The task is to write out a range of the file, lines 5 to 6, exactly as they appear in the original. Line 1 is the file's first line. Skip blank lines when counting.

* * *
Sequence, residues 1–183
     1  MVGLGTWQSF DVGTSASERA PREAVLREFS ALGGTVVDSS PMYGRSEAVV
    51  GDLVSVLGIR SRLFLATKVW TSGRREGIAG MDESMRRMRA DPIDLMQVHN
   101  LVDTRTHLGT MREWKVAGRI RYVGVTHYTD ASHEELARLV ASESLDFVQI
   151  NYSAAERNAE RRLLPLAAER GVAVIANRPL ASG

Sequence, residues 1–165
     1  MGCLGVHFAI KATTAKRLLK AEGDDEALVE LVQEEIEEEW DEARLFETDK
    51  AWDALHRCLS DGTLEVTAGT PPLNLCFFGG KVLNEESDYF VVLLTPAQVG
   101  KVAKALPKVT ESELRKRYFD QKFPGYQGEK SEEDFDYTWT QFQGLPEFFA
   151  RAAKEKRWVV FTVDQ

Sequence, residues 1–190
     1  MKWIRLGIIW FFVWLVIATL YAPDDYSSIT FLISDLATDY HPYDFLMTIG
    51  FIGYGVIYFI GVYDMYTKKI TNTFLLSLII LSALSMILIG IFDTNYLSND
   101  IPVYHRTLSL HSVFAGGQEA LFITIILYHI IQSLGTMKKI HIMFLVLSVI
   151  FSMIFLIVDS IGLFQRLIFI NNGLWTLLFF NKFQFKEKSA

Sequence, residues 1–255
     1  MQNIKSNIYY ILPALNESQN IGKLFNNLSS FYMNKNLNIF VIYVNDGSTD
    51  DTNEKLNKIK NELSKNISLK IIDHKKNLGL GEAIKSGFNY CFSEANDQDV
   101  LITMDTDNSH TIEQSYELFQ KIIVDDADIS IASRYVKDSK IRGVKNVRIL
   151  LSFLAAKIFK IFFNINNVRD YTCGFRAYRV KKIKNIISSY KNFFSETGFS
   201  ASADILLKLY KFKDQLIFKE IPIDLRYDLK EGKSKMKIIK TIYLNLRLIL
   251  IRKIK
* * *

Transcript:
   151  NYSAAERNAE RRLLPLAAER GVAVIANRPL ASG

Sequence, residues 1–165